• Ecclesiology (sometimes a subsection of missiology)—the study of the Christian Church, including the institutional structure, sacraments and practices (especially the worship of God) thereof
  • Mariology – area of theology concerned with Mary…
  • Missiology (sometimes a subsection of ecclesiology)—God’s will in the world, missions, evangelism, etc.
  • Pneumatology – the study of the Holy Spirit, sometimes also ‘geist’ as in Hegelianism and other philosophico-theological systems
  • Soteriology – the study of the nature and means of salvation. May include Hamartiology (the study of sin), Law and Gospel (the study of the relationship between Divine Law and Divine Grace, justification, sanctification
  • Theological anthropology – the study of humanity, especially as it relates to the divine
  • Theology Proper – the study of God’s attributes, nature, and relation to the world. May include:
    • Theodicy – attempts at reconciling the existence of evil and suffering in the world with the nature and justice of God
    • Apophatic theology – negative theology which seeks to describe God by negation (e.g., immutable, impassible ). It is the discussion of what God is not, or the investigation of how language about God breaks down (see the nature of God in Western theology). Apophatic theology often is contrasted with “Cataphatic theology.”

The Bible’s truth and Christianity’s orthodoxy is not comprised solely of doctrines about God, but also teachings about the nature of man and the world.

But we’re digressing from our Sunday School teacher.

For the record, I have however in my limited contact with this person over the years encouraged them along the lines of deeper Bible study. It grieves me to think that someone could be in church for so many years and hold to views that are so far from orthodox. However, there are times when spiritual confrontation is appropriate.

I’m not sure at this point that it would be helpful to revisit a 25-year old discussion, nor to reveal I was party to something that might have been considered confidential at the time. But I am reminded of this verse:

My friends, if anyone is detected in a transgression, you who have received the Spirit should restore such a one in a spirit of gentleness… (Galatians 6:1 NRSV)

Brothers and sisters, if someone in your group does something wrong, you who are spiritual should go to that person and gently help make him right again. (same vs. NCV)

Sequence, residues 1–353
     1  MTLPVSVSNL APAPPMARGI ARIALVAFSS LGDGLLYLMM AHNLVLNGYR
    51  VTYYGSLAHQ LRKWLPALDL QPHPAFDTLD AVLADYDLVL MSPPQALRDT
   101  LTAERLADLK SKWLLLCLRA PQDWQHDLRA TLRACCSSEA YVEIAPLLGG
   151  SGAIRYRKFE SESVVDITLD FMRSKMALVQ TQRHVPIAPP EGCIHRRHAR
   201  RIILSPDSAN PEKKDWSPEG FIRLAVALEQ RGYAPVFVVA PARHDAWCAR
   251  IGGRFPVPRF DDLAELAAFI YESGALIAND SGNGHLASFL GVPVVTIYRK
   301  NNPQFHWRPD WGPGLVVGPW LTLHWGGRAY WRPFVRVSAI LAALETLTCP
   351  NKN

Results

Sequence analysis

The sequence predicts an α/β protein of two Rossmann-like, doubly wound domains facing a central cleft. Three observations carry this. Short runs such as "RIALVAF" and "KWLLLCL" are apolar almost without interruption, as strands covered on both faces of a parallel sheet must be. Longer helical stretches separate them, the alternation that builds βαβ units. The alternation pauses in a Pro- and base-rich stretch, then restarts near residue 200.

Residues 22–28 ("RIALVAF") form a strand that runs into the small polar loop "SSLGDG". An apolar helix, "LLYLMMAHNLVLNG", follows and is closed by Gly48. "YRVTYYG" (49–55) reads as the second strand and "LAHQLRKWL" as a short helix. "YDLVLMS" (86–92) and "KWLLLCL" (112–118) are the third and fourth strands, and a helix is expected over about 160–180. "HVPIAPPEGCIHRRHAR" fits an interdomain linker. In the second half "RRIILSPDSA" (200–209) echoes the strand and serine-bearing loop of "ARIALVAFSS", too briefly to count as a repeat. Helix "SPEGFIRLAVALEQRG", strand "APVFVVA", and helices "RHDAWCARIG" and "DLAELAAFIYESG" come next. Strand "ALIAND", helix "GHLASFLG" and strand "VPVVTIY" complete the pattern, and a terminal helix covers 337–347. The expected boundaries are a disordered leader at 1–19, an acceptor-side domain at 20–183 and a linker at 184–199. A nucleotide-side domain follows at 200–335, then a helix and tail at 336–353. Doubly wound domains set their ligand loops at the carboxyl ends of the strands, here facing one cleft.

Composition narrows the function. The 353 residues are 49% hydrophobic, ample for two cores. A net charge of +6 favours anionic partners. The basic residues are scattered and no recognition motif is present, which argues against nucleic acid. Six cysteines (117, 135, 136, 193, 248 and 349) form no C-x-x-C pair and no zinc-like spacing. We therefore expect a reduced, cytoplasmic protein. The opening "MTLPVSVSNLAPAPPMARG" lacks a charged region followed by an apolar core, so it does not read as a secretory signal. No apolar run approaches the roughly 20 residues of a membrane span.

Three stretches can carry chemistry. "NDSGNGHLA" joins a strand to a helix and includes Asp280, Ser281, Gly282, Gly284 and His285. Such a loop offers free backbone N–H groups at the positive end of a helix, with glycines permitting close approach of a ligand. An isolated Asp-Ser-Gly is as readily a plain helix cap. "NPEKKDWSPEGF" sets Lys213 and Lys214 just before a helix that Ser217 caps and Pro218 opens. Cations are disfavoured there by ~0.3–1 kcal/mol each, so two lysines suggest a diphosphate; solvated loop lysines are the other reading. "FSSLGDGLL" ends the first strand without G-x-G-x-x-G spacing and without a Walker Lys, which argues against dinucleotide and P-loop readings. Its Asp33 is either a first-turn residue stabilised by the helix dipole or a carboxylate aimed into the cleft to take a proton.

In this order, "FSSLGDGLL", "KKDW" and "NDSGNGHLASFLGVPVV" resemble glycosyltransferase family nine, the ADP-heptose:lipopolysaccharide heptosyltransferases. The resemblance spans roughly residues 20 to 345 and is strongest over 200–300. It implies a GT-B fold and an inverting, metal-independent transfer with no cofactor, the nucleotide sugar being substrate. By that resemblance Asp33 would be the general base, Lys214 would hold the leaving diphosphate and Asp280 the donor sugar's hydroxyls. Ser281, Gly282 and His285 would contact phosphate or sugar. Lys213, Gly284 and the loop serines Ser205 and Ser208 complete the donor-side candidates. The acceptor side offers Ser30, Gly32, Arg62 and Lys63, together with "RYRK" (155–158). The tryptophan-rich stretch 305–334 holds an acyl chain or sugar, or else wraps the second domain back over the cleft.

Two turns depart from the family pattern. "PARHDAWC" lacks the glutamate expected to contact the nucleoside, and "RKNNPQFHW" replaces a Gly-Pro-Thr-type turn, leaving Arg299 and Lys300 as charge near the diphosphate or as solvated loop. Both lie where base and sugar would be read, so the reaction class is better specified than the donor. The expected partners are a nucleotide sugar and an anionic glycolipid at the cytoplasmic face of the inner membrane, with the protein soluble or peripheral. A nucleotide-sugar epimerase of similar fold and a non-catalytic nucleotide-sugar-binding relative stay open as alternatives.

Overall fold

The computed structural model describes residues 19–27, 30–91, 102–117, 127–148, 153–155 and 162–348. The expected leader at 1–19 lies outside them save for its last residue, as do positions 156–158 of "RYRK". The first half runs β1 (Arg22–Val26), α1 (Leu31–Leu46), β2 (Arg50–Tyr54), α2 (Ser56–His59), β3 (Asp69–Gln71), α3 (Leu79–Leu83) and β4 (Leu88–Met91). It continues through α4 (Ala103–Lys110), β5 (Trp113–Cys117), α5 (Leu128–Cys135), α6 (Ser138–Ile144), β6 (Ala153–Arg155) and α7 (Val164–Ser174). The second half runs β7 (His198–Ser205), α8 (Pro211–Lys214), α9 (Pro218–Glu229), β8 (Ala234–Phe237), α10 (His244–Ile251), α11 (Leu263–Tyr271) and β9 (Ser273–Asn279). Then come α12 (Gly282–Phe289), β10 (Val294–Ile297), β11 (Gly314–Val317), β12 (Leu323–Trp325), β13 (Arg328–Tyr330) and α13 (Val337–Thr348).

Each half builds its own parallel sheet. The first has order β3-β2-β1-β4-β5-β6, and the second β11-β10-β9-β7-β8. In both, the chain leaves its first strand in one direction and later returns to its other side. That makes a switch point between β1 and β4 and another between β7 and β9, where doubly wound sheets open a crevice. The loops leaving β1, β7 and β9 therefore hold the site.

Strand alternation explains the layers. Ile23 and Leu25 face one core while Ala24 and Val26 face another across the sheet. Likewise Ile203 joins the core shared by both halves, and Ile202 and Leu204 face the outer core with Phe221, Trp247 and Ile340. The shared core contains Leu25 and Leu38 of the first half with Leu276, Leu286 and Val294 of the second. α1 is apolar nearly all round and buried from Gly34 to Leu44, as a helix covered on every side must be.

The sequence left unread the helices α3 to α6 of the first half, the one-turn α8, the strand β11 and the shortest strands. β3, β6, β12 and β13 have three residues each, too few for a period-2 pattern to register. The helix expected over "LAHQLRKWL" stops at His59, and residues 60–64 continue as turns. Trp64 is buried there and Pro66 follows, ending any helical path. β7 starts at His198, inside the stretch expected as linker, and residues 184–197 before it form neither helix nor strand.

The context is more overt sin and wrongdoing, but the principle is the same: To gently guide that person to the right path, using scripture. In a very, very early post here on Christianity 201, I looked at 2 Timothy 3:16 (the one that begins, “All scripture is inspired…”) and suggested the following paraphrase:

All scripture has its point of origin in God’s mind, and

■ shows us the path God would have us walk
■ highlights when and where we’ve gotten off the path
■ points the way back to the path
■ gives us the advice we need to keep from wandering off the path in future

The second point is most applicable here, but some remediation along the lines of the last point is important as well. Over the years I’ve seen that some people are simply “prone to wander.”

The chorus of the old hymn, “Brighten the Corner” describes this. While you might not fully understand all the nautical imagery, it’s easy to see the gist of the sentiment:

Brighten the corner where you are!
Brighten the corner where you are!
Someone far from harbor you may guide across the bar;
Brighten the corner where you are!

Our responsibility is threefold:

  1. To identify (discern) false teaching
  2. To remove the person caught in error from public ministry
  3. To try to restore that person to sound doctrine

As to point #2: This is for their benefit (to avoid being under judgement, as in today’s opening verses) and to prevent them from causing “little ones”(which can be literal in terms of children, or figurative in terms of people new to the faith) to stumble

We brighten the corner by shining light where light is needed.